Brooks Koepka is a powerhouse of American golf with four major championships on his mantelpiece, but he cut his teeth as a professional on Europe's second-tier Challenge Tour. Golf Correspondent James Corrigan spoke to those who witnessed a prodigious talent blossom in those formative years.
'All this started with you'
Even if he is not near a TV screen, Mike Thomson knows exactly when Brooks Koepka has triumphed at yet another major. "My phone goes bananas," Thomson says. "My mates and all the other caddies, texting to say 'just look at what you could have won'. Yeah, highly amusing."
Thomson holds a special place in the remarkable story of Koepka, the all-American kid who courageously decided to flee the cosseted country clubs and instead kickstart his career on the barely travelled route through the outposts of the Challenge Tour, the Europe Tour's main feeder league.
In nine weeks, together, Thomson and Koepka won three times, earning the so-called "golden promotion" directly to the Tour proper.
When Koepka hugged Thomson on the 18th green at the Spey Valley at the victorious completion of the Scottish Hydro Challenge, it seemed their relationship was rock solid. Except, the then 29-year-old, labelled "A Superstar in the Making" on the Tour's official website that night, was not only saying goodbye to the minor leagues, but to his bagman as well.
The Northern Irishman Ricky Elliott was given the call and almost six years on, it is estimated that Elliott has earned $2m as a percentage of Koepka's winnings in this time, with four majors and five other titles around the world. There will also be a retainer on top of this.
Thomson has not been so successful. His current player, the Welshman Stuart Manley, earned approximately £130,000 last year and has just topped £90,000 this season and is in a fight to retain his Tour card. With caddies usually picking up 10 percent for a win, seven percent fo a top 10 and five percent for any other result, the numbers are not kind and Thomson has to supplement his income by caddying for tourists at Kingsbarns in his home county of Fife. At 36 he is still waiting to "get over the line" on the European Tour.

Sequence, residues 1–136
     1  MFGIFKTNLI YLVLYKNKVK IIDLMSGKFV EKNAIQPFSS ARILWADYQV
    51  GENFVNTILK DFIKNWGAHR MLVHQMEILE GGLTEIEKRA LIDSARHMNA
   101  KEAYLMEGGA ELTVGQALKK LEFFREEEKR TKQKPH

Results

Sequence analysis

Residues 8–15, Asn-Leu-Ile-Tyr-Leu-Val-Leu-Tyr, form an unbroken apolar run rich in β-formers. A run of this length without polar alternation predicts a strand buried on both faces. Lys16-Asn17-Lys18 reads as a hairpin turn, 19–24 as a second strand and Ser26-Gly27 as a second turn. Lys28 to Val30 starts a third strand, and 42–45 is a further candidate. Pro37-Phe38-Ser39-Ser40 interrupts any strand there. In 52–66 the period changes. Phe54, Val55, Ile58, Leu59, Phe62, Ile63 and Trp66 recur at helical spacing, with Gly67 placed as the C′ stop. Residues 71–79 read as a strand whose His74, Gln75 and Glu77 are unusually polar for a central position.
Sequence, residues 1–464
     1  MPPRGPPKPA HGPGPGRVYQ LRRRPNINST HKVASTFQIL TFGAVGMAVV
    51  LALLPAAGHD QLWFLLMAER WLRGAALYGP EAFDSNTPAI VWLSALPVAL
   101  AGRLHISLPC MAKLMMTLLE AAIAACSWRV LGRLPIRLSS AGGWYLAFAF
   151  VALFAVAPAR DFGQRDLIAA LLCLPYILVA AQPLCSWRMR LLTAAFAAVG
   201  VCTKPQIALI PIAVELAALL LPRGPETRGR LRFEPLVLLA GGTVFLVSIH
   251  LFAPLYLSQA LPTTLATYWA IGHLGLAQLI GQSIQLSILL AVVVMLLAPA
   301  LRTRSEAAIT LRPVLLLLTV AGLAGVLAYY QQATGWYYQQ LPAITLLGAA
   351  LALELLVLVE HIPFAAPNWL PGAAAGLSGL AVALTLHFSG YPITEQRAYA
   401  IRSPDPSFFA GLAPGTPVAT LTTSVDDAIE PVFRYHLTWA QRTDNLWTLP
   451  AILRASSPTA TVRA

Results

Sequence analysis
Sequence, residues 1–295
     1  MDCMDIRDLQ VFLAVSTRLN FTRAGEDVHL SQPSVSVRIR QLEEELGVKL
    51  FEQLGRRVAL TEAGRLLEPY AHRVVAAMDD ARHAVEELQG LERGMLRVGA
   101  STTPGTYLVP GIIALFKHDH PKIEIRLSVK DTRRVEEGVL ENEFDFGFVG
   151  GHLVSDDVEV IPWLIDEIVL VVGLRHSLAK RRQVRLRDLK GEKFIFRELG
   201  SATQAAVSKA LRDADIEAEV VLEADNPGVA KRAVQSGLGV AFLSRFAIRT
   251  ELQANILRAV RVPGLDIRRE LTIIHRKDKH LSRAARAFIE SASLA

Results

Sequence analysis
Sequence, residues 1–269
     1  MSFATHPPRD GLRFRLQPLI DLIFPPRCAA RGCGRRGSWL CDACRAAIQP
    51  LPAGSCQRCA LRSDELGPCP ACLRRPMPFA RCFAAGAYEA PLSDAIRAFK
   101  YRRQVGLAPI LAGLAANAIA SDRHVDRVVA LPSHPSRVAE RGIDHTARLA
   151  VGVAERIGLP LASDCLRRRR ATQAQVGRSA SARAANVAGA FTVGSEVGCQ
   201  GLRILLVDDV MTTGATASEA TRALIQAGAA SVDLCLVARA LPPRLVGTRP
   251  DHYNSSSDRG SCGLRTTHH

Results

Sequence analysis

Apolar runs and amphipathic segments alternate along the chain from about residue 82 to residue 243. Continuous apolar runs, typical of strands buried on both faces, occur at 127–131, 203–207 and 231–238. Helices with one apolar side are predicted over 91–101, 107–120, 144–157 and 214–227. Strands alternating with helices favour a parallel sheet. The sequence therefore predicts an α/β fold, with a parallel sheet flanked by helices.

"People say it must be a sickener having 'lost' Brooks, particular as you were so successful together, but that's just golf and that is this profession for you - no contracts, you can be fired week by week, even if you have won," he said. "But there are no regrets on my behalf and it's cool to be a part of Brooks's story. He's a great lad. When he won his first major [the 2017 US Open] he sent me a text saying 'all this started with you' and when I run into him we always talk and reminisce about the old days."
Thomson had been a Tour caddy for three years - originally for his compatriot George Murray - when he first got the call. He almost said no. "Sam Haywood [now Danny Willett's caddy] was working for Pete Uilhein, who was the first of these young Americans to come over to the Challenge Tour and he shared a flat in Florida with Brooks," Thomson said.
"Sam asked if I wanted to caddy for Brooks, but although he was this US wonderkid, you've seen it before when they don't amount to much. I had a bag on the main Tour and was reluctant to give it up for the Challenge Tour, where the money is less and you have basically got to fend for yourself with travel and cars and everything. But I spoke to Brooks and he said he was going to play a nine-week run and I thought 'well, if it's nothing else, it's regular work'. It turned out to be rather more than that, although when he missed the cut in our first event together I did think 'here we go'."
Koepka won the very next week, the Montecchia Open presented by Polaroid. In Padova, Italy he provided a snapshot of his future dominance, prevailing by seven shots. Four weeks later he won in Spain by 10 shots and then three weeks on came his graduation in Aviemore.
"Everyone was talking about Brooks, players, officials, referees all coming up to me and asking 'how good is this kid'," Thomson said. "The buzz was all about his length, but to me it was how fearless he was. I remember one par four in Italy when I thought the play off the tee was a lay-up with a four-iron. He whipped out his driver. 'I said, 'what are you doing?'. He said 'that bunker is at 290 [yards] right? That's no problem, I'll carry that easy'. But the fairway narrows into almost nothing after that," I told him. 'But if I'm in the rough I'll only be 40 yards from the green,' he replied. 'Listen, my driver is my biggest advantage and unless it's absolutely brain dead, I'm hitting it regardless'. He completely changed my mindset about golf, if not the whole of the Challenge Tour's in that spell. "
It was a two-way fairway. "We'd go out for dinner together every night and it wasn't the usual caddie 10-pints a-night stuff, as we'd have long chats," Thomson said. "Brooks said he was glad he taken that path as it showed him proper life on the road, going to different cultures, the language problems, different courses, different conditions. He said it would set him up for his career and he was right.